I started writing this post in December, and after five months of not playing the game I am all of a sudden well into this thing now. I had to stop playing after the holidays were over just to get back into work, and once I stopped I stopped. Course all it took was to login again after a stressful week at work and I was back at it.  No different than any other game I suppose except that this game has no ending. I really can see how this game could destroy school, relationships, careers. Thank god I already have a family.

And I have to say after a few weeks the social elements are starting to be far less baffling to me. I still find that given constraints with kids in the house and limited time windows I rarely have the opportunity to commit to a game socially, (very poor form to just turn off the game midstream like I do when I play alone) but having now run a few quests both with planned partnerships and adhoc allegiances I am starting to really get the appeal.  It's amazing too the diversity of people online (teens to doctors, moms to executives), and you have an ability to really choose who of that diverse group you actually interact with for the most part. The game includes two main modes of play, either player vs player or player vs environment. Both are collaborative, but PvE is primarily groups of humans versus AI and bosses.  I may yet play PvP but I fear that's where you really lose control over your experience. I don't relish the thought of being ambushed by a group of players who's sole purpose is to run around finding people to annoy/destroy/humiliate.  And even when playing against the environment you still have arenas in which you can pit yourself against other players which honestly is enough for me.

Biggest distraction for me so far? The remote auction house on my iPhone. I can be walking to a meeting and purchase or sell gear for my toon, check out upgrades etc. It's insane.  I lament the thought of what these hours amount to in terms of lost productivity to global economies. ;-)

Anyway this is way off topic but I'm cleaning up old posts and thought I'd get it out.  For the record I can't yet say I'd ever recommend playing to my real-life friends, but these MMORPG worlds are insanely rich and engaging, not to mention wildly popular.

Flying at the right altitude - advice to a slightly younger me

No posts in five months! Almost exactly the same time I've been in a new position at work. 
Disturbing trends, this completely predates just the last six months.... 
I've moved from being a team lead to being the head of our R&D group. I now have as many teams (7) as I did people to think about, and a whole new world of politics, strategy and planning. With a group of this size HR issues seem to be at least a weekly occurrence and I am now fully and completely on the manager's schedule.   

However now that I've somewhat got my sea legs in this position I am increasingly allowing myself to get back into technical issues where I think I can add value. "Where I think I can add value" is the whole challenge here though. I have literally not opened visual studio in five months of running around like a chicken with my head cut off. How often does having the boss swoop  in and give their less informed perspective do more harm than good? Impossible to answer without knowing the boss in question of course, but surely there are ground rules some sage masters can teach me.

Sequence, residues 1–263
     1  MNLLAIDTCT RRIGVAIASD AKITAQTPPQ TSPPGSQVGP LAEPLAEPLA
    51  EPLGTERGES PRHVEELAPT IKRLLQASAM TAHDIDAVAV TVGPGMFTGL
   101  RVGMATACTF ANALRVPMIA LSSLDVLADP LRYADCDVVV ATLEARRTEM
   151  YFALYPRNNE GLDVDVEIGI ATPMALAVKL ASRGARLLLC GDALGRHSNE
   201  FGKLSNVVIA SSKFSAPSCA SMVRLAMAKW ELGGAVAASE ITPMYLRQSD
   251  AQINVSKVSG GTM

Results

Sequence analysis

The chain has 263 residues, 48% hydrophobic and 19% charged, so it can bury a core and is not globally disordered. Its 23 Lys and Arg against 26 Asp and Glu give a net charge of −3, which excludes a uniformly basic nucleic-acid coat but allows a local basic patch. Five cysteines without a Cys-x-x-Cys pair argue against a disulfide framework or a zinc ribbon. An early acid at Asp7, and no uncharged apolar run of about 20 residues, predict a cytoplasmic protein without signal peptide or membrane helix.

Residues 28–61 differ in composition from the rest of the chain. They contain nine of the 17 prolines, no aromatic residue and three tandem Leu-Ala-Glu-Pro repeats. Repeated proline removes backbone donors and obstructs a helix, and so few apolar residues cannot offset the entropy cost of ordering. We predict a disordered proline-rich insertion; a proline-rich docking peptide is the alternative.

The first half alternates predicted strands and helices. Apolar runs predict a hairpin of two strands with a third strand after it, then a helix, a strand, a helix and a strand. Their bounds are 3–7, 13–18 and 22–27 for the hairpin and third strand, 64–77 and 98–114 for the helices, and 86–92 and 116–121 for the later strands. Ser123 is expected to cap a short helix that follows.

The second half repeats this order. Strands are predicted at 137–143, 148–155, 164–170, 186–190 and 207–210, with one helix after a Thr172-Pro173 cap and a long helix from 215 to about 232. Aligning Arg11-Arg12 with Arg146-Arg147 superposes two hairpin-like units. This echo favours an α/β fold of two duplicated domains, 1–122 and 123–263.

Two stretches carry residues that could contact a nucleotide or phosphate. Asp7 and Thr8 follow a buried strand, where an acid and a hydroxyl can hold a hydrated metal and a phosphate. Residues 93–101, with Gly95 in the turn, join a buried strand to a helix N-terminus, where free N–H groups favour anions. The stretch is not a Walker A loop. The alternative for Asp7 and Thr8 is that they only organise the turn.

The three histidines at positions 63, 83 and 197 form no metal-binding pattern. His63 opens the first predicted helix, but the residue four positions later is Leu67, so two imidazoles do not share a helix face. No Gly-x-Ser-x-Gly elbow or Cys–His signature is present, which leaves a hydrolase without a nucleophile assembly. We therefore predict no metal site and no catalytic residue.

I have to say I really enjoy looking at things from this altitude, in that you really can see patterns in development across teams, opportunities for reuse or better design across teams, efficiencies to be gained etc. It all can be very fun, but at the same time I worry about losing relevance, and I worry about sidetracking teams. Even worse is the feeling that by interfering I actually hurt the autonomy and self-sufficiency of these teams by interfering (which almost outweighs the fear of divergent or  teams).

Here are some things I think I would tell the me of six months ago:  (advice to a new executive)
  1. Don't stop the old routine completely.  I actually think a lot of my comfort these days is precisely because I'm getting back to things like my reader and blogger. Just imagine how nice it would be if I could do the occasional code review or bug fix! (unlikely) My life has gotten decidedly more stressful (father died, promotion, second child all within the last six months) and my routine has out of nowhere incorporated quite a bit of gaming all of sudden. (COD2 MW, WoW) Good stress releases but I need to get myself back into creating rather than just consuming things.  
  2. Embrace the manager's schedule, but respect the maker's schedule. It's a very tricky thing not to let your new found schedule dictate awkward length and times for meetings with the people who are there to actually do the development. Resist the urge and find ways to be more effective with meetings. It is SO easy to forget the real costs around this.  
  3. Don't seek consensus on every decision. It can work on a team of seven or eight to drive for consensus and try to win minds but on much larger teams you're going to have to get used to making some calls without the comfort of knowing you have everyone on board. Of course reasonable efforts still need to be made but it becomes about key people and finding the influence in the group. 
  4. Be open and give status frequently. Still one I struggle to do properly but it really is key. I am trying right now to really focus on problems at the request of my boss, but don't forget to acknowledge the wins as well. The more open you are about the warts the easier it is to excise them. In my opinion, maybe counter intuitively, more shit should flow up and more sunshine down. (though that's an easy one to over generalize)
  5. Trust and trusting your gut. Not really anything new to the position, but the frequency with which I've run into this has gone through the roof. You often just know the right course of action. Waiting to find out the hard way (or expensive way) that you were right can be painful.  Trusting yourself is only second to trusting your people. Trust your gut on your people, make sure you have the right people and put that trust in them. 
  6. There will be a lot of water sprayed at your back, be the duck.  Or, in other words, find a way to regain your slack